|Victoria||Grassland||Themeda triandra, Dichelachne crinita, Austrostipa spp., Austrodanthonia spp., Common Bog-rush (Schoenus apogon), Juncus spp., Blue Devil (Eryngium ovinum), Lemon Beauty-heads (Calocephalus citreus), Sheep’s Burr (Acaena echinata) and Leptorhynchos squamatus|
|NSW and ACT||Grassland and grassy woodland||Yellow Box (Eucalyptus melliodora), Blakely’s Red Gum (Eucalyptus blakelyi), Red Box (Eucalyptus polyanthemos), Brittle Gum (Eucalyptus mannifera) or Snow Gum||Beyeria viscosa, Pultenaea spp., Acacia rubida, Acacia genistifolia, Cassinia longifolia, Allocasuarina spp. and Kunzea parvifolia||Themeda triandra and Austrodanthonia spp.|
Associated threatened species and ecological communities
The Hoary Sunray occurs in the Natural Temperate Grassland of the Southern Tablelands of NSW and the Australian Capital Territory, White Box-Yellow Box-Blakely's Red Gum Grassy Woodland and Derived Native Grassland, and the Natural Temperate Grassland of the Victorian Volcanic Plain, which are threatened EPBC Act ecological communities (Sinclair 2010).
The Hoary Sunray occurs at sites supporting other EPBC Act listed species, including Button Winklewort (Rutidosis leptorrhynchoides), Fragrant Leek-orchid (Prasophyllum suaveolens), Monaro Golden Daisy (Rutidosis leiolepis) and Plains Rice-flower (Pimelea spinescens subsp. spinescens) (Sinclair 2010).
The Hoary Sunray flowers from spring to summer (Harden 1992). Seeds are wind dispersed and the species does not rely on long lived soil seed banks for germination (Gilfedder & Kirkpatrick 1994e). The species produces many small, short-lived seeds that are dependent on the presence of bare ground, or inter-tussock spaces, free from heavy competition (particularly from grasses such as Kangaroo Grass Themeda triandra) for germination and establishment (Sinclair 2010). In some areas at least, some disturbance is required for successful establishment, and seedlings often appear on areas that have been scraped or burnt (Sinclair 2010). Adult plants live for 5–7 years (Sinclair 2010).
The Hoary Sunray is an obligate out-breeder that is entirely dependant on the transfer of pollen between individuals for successful reproduction. Pollination is by many different insects, including bees (Apidae) and flies (Tephritidae) (Berechree 2003). Seed can probably disperse over many kilometres, will germinate fairly rapidly under a wide range of conditions, and can remain viable in the soil for at least a few months, although probably not for long periods (Gilfedder & Kirkpatrick 1994c, 1994d, 1994e). There are, however, differences between the germination and growth of plants from different environments within Tasmania (Gilfedder & Kirkpatrick 1994c) and between Tasmanian plants and mainland plants, with Victorian plants germinating more rapidly than Tasmanian plants (Morgan 1998).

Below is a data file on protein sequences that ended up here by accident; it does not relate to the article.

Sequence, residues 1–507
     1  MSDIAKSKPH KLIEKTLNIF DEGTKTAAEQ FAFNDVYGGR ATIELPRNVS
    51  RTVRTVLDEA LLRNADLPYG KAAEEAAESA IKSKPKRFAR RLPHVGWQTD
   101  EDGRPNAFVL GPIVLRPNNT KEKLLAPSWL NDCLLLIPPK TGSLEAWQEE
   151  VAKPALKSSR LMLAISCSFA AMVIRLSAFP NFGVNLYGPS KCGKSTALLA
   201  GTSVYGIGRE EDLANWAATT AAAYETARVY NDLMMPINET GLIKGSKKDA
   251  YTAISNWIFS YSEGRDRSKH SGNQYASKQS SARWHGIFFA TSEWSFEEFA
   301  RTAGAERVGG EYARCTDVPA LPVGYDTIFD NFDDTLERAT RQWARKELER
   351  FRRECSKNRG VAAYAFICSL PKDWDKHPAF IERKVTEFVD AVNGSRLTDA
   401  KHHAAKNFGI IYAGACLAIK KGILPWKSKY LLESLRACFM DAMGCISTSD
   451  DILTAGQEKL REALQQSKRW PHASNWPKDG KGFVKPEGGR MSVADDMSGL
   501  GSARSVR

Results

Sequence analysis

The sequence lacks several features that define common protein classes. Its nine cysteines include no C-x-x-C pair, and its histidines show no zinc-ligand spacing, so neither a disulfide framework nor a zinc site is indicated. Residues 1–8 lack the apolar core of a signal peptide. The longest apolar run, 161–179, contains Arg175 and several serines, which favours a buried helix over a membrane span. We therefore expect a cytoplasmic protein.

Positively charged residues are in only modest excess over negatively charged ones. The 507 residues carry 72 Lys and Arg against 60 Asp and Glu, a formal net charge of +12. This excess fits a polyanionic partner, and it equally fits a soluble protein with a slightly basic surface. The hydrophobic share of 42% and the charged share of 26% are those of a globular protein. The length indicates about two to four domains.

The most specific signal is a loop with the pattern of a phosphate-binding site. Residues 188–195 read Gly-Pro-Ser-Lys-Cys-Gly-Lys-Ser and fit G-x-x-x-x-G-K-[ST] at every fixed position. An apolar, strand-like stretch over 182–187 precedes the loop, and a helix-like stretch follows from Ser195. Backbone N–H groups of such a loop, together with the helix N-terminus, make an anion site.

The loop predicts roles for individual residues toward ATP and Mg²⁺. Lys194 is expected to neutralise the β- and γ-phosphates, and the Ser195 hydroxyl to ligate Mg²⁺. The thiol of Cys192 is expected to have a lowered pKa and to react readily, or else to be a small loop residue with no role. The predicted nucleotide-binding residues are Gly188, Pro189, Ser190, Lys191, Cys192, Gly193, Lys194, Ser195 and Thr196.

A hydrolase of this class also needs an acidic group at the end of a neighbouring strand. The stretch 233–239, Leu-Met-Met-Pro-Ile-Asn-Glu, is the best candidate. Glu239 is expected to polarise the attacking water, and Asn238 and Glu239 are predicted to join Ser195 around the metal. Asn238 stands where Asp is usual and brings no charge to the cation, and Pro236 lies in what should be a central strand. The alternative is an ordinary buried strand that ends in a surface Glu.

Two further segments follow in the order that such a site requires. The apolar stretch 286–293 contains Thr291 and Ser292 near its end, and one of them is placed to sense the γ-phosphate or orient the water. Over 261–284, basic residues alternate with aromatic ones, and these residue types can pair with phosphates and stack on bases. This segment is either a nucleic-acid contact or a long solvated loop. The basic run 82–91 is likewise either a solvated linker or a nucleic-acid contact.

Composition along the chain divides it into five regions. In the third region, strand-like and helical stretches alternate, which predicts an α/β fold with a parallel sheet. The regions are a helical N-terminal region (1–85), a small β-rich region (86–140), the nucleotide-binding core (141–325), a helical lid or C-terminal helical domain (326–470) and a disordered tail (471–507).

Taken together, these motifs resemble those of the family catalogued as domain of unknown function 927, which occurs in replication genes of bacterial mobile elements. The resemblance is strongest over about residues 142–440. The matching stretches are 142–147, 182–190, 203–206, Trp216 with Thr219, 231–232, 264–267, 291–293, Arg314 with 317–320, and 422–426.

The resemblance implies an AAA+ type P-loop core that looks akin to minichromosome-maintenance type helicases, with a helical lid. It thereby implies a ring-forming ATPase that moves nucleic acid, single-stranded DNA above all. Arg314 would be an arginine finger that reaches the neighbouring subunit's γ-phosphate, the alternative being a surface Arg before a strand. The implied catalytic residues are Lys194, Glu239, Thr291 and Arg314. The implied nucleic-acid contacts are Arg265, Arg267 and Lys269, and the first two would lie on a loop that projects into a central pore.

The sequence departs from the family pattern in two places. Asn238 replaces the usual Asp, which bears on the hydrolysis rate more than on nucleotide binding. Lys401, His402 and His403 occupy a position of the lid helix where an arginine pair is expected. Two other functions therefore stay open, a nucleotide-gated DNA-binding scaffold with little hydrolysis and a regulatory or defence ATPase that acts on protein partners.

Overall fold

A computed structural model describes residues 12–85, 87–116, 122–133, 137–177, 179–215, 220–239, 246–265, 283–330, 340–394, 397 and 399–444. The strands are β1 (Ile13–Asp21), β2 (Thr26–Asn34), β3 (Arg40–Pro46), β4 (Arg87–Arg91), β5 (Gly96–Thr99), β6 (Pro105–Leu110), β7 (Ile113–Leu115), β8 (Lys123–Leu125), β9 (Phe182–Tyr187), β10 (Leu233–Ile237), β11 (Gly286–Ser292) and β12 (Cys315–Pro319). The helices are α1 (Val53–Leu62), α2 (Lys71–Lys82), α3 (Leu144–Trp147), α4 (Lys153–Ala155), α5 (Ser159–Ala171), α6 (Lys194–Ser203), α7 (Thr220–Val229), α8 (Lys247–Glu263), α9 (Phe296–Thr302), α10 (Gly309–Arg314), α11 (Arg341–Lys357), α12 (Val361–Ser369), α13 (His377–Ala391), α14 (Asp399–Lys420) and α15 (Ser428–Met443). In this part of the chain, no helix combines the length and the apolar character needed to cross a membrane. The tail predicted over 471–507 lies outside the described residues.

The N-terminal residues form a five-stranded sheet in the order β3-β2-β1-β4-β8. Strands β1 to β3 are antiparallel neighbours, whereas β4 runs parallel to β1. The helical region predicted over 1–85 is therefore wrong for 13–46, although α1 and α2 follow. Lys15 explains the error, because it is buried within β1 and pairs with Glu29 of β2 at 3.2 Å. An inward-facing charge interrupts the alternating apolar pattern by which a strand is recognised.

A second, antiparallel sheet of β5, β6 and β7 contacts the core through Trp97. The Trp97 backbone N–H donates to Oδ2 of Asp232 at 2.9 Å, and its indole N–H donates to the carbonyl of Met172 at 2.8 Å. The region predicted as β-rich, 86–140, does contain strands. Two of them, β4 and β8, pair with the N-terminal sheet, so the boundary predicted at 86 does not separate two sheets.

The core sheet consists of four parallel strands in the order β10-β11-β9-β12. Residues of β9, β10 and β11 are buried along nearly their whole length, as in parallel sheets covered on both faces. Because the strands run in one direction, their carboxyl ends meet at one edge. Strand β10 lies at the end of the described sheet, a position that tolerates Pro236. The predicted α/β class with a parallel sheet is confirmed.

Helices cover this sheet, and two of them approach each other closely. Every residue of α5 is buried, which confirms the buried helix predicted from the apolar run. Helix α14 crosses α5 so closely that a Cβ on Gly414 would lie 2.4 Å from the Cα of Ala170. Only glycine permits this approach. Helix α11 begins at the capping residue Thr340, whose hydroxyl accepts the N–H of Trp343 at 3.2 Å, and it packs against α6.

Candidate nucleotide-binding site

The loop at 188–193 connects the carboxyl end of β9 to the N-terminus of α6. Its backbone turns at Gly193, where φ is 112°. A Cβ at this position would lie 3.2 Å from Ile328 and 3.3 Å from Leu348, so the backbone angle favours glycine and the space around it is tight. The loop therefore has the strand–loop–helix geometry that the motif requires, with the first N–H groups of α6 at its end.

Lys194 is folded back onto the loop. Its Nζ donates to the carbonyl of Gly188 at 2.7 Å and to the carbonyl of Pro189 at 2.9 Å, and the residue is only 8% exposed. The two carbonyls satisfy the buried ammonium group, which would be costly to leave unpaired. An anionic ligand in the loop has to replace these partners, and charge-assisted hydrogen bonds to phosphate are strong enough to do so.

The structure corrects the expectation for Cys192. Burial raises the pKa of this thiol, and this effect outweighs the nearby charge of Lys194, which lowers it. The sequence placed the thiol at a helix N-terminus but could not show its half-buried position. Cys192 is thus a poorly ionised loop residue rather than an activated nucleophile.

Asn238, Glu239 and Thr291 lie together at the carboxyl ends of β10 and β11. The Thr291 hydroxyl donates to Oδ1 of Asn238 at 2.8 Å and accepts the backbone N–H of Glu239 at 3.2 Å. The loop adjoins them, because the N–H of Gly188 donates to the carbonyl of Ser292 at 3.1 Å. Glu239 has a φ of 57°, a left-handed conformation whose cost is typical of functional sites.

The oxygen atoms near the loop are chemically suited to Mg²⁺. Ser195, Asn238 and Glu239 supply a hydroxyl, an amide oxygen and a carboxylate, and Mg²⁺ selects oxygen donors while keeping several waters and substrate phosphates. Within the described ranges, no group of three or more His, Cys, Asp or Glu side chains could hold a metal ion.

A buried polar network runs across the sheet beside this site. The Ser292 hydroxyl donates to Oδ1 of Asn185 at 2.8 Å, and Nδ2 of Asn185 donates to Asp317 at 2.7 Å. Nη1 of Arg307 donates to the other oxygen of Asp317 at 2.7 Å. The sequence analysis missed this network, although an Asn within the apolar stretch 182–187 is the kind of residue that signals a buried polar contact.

In studies on the genealogical variation in the germination requirements of the taxa (Gilfedder 1994c), seed was collected from at least 50 plants from four localities between February and March 1988. Test results revealed that peak germination occurred at 20 °C for all areas, with a marked decline in germination success at lower temperatures. Lowland localities had higher germination rates than mountain localities. The germination of lowland seed peaked earlier than that of the seed from mountain areas (Gilfedder 1994c).
Leucochrysum albicans subsp. alpinum, which occurs in the alpine regions of Victoria, NSW and ACT, has white bracts (base of the flower) but broad, obovate to oblanceolate leaves (Sinclair 2010), whereas the the Hoary Sunray has linear-oblanceolate (lance-shaped with broad end at the top) (Ross & Walsh 2003; Wilson 1992a). Both Leucochrysum albicans subsp. albicans var. buffaloensis, which only occurs on Mt. Buffalo, and Leucochrysum albicans subsp. albicans var. albicans, which is widespread for Victoria to Queensland, have yellow involucral bracts (ring of leaves beneath the flower) (Sinclair 2010), whereas the Hoary Sunray has white involucral bracts (Wilson 1992a).
Although the Hoary Sunray is still relatively widely distributed and can be locally common in some locations, it has suffered a substantial decline in range (and almost certainly abundance) since European settlement (Sinclair 2010). The taxon has declined from much of its former range in NSW, with remaining records confined to the south-east of the State (Sinclair 2010). In Victoria, it has declined or disappeared from many sites on the basalt plains (Sinclair 2010). In Tasmania, Hoary Sunray was once fairly common, but has also declined across much of its range there (Gilfedder & Kirkpatrick 1994d).